— a nutrition CD-ROM, with information on meal planning.

The Right Track: For employees whose health has experienced significant erosion. It is a comprehensive telephonic and mail-based patient education and behavior modification program. It includes:

— an initial introductory letter to the employee and physician;

— an assessment questionnaire, addressing issues such as frequency of blood glucose self-testing, medications, foot and eye care, diet, exercise, and smoking; a summary is sent to the employee’s physician;

— a series of phone calls (about 45 minutes in length) from a certified diabetes educator;

— a telephone post-test;

— "Personal change." A 12-month follow-up period with one phone call per month.

Control Diabetes Services: For patients at higher risk for complications. It is a face-to-face patient education and behavior modification program, in which the employee makes personal visits to a CDS storefront location for classes. It includes:

— patient assessment;

— counseling with certified diabetes educators, registered nurses and registered dietitians;

— scheduled follow-up visits;

— phone support.

Diabetic employees identified

Once an employer has signed on for the Performance Health diabetes program, PCS will review either pharmacy claims data (if the company is already using PCS for its managed pharmaceutical care) or raw medical claims data to identify, among other things, those employees who are either on insulin or some other diabetes medication or who have had diabetes-related emergency room visits. "Once we’ve identified them, we can drop them into the appropriate program," Hanna explains.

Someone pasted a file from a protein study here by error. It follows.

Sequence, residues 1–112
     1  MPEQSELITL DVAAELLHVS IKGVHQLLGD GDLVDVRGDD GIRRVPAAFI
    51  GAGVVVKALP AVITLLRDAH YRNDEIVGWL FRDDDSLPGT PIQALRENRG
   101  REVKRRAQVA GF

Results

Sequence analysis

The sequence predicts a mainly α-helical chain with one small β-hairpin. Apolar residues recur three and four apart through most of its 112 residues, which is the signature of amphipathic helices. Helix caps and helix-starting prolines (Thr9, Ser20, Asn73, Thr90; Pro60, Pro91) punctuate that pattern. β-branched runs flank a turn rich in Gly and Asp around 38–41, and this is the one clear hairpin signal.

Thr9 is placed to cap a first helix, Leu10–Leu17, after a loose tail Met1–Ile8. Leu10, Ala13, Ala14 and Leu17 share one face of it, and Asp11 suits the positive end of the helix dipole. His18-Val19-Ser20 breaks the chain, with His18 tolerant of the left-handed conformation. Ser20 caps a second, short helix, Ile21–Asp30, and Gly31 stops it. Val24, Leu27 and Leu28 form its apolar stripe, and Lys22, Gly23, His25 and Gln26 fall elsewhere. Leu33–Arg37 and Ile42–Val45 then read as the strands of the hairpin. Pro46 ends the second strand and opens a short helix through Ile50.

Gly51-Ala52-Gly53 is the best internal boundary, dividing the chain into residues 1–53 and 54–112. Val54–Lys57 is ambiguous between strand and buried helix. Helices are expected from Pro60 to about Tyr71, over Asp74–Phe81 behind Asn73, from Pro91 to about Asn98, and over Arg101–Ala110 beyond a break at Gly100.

The component of the three-part program with the longest track record is The Right Track, and Russ Hanscomb, RN, MHA, program development specialist, is pleased with the results to date. "We launched the program in January 1996 with Texas Instruments [Dallas] and US West Communications [a Denver-based telephone company], and we’ve worked with close to 100 employees," he reports. "On the average, their glycohemoglobin dropped from 8.77 to 7.95; there was a significant increase in foot exams being conducted by their providers; and their scores on the knowledge test went up from 83% to 91%."

"We have about 1.4 million lives currently enrolled, and it’s growing rapidly," adds Hanna. "We’re seeing response rates of 49% on our patient feedback forms, so we know people are opening the envelopes. And we’re running between 85% and 92% positive on the quality and usefulness of the information, with a 1% dissatisfaction rate."

[Editor’s Note: For more information on the PCS diabetes management program, contact: Kevin Hanna, PCS Health Systems, 9501 E. Shea Blvd., Scottsdale, AZ 85260-6719. Telephone: (800) 223-7745. Internet: http://www.pchs.com.]

Reference

1. The Diabetes Control and Complications Trial Research Group. The effect of intensive treatment of diabetes on the development and progression of long-term complications in insulin-dependent diabetes mellitus. N Eng J of Med. 1993; 329:977-986.